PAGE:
Poison ivy can be identified by its green compound leaves that are composed of three smaller leaflets. The leaves' edges can be rigid, smooth or scalloped, which sometimes make identification difficult. Poison ivy can grow as a vine, trailing shrub or an erect woody shrub and is usually found growing on trees, fences, along the ground or in the underbrush of the woods. Because toxins are emitted through the air when the plant is burned, you should never burn poison ivy (or oak and sumac). Fortunately, there are many other ways to kill poison ivy--including with herbicides--and using bleach is just one possible way.
Pour straight chlorine bleach into a spray bottle. Use a funnel to aid you in this step. Do not mix anything else in with the bleach. How much you need depends on how much poison ivy you have. In general, 1 to 2 cups will usually suffice per plant.
Put on protective clothing such as a long-sleeve shirt, long pants and garden gloves. Wear goggles as well, especially if you habitually touch your eyes. Since you are working with bleach, the clothing you choose should be old and/or considered disposable.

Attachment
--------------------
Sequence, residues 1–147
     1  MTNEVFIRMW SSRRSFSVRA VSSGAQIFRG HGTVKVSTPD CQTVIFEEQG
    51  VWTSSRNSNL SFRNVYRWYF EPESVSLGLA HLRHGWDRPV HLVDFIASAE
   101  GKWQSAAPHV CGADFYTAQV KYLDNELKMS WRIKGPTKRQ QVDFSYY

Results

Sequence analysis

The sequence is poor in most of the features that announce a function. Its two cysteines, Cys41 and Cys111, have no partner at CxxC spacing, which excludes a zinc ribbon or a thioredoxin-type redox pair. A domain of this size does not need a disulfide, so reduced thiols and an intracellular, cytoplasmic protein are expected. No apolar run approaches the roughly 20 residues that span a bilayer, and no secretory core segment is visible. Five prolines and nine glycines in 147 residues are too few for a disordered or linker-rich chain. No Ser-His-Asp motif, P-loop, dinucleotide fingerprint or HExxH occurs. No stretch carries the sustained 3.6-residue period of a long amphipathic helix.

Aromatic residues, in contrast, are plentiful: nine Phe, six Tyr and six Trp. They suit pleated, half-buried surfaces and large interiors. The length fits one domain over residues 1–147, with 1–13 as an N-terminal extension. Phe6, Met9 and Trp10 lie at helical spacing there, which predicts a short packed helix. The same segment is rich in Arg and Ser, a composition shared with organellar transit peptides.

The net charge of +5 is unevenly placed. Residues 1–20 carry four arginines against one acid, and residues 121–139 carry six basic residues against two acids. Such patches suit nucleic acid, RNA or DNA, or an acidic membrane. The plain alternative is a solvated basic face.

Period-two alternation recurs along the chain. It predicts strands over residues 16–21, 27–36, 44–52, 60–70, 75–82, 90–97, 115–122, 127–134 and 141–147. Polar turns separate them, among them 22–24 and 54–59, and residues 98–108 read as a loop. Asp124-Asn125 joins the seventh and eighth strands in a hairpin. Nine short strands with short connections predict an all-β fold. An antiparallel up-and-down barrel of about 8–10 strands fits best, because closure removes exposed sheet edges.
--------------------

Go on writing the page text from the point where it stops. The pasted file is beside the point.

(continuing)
Spray the poison ivy leaves and stems liberally with the bleach. Do this on a calm day and avoid making contact with any other plants, trees and grass. However, if you do accidentally spray bleach on another plant, just wash the bleach off with a hose as soon as possible. If you run out of bleach, simply fill your spray bottle with more.
Spray any new green growth as it appears with the bleach. Eventually, the poison ivy will starve and completely die since it is unable to photosynthesize the sun into sugar (plant food).